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Esprit Revamps Plans for U.S. Homecoming

NEW YORK — Esprit is still trying to find its way home.<br><br>The company, which began in San Francisco almost 35 years ago, has since made a name for itself in Europe and Asia, while losing ground in recent years in the U.S. as it struggled to...

NEW YORK — Esprit is still trying to find its way home.

This story first appeared in the October 17, 2002 issue of WWD.  Subscribe Today.

The company, which began in San Francisco almost 35 years ago, has since made a name for itself in Europe and Asia, while losing ground in recent years in the U.S. as it struggled to find the right American formula.

Esprit said earlier this year that it planned to completely revamp its U.S. strategy by creating shop-in-shops in department stores across the country and opening Esprit megastores, similar to those in Europe.

Heinz Krogner, chief executive officer and chairman for Europe and ceo of Esprit International in New York, said he still plans to achieve these plans, but added that he has learned a lot this year about American retail, which has pushed him to slow things down a bit.

“Our own retail is on hold for now,” he said. “Esprit has always been known in America as a department store brand, so we are working on developing our relationships with the department stores, which is going very well, so far, and I think our concept will help to bring people back to the department stores.”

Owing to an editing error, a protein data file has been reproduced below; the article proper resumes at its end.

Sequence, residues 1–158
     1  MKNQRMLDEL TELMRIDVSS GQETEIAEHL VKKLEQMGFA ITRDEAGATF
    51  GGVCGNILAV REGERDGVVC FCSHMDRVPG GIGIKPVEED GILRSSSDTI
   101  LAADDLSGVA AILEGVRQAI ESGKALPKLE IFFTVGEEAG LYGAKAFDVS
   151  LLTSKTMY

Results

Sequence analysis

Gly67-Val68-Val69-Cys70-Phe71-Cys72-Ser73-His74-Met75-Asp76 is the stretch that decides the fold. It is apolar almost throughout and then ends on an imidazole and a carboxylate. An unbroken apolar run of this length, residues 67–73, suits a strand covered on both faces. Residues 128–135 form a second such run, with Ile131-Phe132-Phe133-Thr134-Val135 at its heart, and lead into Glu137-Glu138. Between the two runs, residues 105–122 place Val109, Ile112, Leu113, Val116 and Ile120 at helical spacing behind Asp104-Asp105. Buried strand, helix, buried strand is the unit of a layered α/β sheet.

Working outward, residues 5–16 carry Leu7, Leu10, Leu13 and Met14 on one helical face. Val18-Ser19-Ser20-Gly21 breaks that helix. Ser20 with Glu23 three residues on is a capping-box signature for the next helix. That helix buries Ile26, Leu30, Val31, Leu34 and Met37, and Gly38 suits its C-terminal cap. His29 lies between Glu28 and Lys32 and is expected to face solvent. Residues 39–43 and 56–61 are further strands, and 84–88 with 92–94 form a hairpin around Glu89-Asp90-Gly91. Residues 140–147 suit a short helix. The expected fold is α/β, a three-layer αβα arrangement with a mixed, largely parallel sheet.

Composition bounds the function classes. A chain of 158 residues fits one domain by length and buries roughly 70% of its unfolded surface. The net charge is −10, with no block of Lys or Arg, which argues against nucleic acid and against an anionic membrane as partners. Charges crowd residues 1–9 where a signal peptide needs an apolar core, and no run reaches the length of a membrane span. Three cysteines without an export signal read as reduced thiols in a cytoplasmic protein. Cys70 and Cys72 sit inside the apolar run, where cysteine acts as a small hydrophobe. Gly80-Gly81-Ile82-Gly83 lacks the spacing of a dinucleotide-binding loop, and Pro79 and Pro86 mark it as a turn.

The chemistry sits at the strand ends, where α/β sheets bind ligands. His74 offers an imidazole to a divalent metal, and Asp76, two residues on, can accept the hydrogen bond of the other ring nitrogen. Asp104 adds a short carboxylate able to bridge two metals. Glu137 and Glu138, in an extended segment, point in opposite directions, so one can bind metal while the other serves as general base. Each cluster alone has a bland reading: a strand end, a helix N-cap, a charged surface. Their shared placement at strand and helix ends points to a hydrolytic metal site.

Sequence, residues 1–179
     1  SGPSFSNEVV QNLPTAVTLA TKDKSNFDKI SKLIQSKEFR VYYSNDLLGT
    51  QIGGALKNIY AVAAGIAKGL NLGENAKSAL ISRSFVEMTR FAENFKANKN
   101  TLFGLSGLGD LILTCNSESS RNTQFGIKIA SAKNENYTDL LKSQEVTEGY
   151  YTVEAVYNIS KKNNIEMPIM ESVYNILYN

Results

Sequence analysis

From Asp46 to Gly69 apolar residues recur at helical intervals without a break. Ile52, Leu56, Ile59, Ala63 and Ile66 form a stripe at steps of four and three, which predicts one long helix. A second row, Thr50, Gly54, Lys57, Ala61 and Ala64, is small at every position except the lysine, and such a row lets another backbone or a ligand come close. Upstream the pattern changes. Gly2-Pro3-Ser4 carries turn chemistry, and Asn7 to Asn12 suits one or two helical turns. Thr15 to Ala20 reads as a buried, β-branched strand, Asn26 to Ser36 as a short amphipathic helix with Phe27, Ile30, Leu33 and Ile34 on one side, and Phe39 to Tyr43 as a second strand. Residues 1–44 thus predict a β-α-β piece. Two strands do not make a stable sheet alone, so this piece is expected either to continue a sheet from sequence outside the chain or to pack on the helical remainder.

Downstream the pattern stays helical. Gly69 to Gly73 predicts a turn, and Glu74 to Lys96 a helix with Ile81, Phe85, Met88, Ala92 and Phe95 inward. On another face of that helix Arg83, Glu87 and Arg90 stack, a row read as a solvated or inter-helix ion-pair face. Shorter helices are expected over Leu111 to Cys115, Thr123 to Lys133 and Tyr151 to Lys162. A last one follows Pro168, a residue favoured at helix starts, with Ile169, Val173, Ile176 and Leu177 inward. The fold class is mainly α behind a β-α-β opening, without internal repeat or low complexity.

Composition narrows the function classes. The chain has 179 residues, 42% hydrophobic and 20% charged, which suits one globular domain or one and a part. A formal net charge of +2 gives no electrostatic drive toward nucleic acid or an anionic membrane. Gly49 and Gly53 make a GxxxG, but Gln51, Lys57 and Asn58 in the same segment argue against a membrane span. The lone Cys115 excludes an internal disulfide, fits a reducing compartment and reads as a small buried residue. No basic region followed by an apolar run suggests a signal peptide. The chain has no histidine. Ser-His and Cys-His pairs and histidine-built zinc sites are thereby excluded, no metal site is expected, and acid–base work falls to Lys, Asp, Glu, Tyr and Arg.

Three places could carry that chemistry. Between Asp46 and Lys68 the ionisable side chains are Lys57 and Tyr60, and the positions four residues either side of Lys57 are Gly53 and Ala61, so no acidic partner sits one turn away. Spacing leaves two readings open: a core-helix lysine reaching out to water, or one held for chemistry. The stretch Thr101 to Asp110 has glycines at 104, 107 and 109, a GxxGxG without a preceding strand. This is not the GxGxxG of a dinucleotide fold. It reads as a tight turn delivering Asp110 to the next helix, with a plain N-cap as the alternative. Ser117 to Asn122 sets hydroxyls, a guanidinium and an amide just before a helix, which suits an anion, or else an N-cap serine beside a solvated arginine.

Since February, when Krogner announced the re-entrance of the brand in the U.S. — the company wound down operations for a short time — a lot has been accomplished. The company set up its U.S. headquarters at 1370 Broadway in Manhattan and hired a staff to head up operations. Macy’s West is testing the brand in shop-in-shops in 17 of its stores, and Esprit has signed several licenses throughout the year: shoes and accessories with Jones Apparel Group’s Nine West division; outerwear through The Levy Group; children’s wear by Adjmi; swimwear with Beach Patrol, and loungewear by Carol Hochman.

“If this works out well, I have every reason to believe we can open stores here and be successful with them,” he said. “But first, we are working with our wholesale partners to make sure that they make money, and make sure they know that we are here to help them. If they need visuals in the store, we will provide that for them.”

Krogner said he expects between $50 million and $70 million in wholesale volume in 2003 in the U.S.

While the Esprit brand offers a variety of clothing segments, including men’s, misses’, junior and children’s sportswear, American shoppers know the brand primarily as a junior brand. In this case, Macy’s West has opened junior shop-in-shops that offer some of the misses’ collection, as well. Men’s wear has yet to enter the U.S. In Europe, department stores have six or seven Esprit shop-in-shops within one store for the different categories.

“I hope we can eventually do this in America, too,” he said. “But we have to build up to that. That takes time.”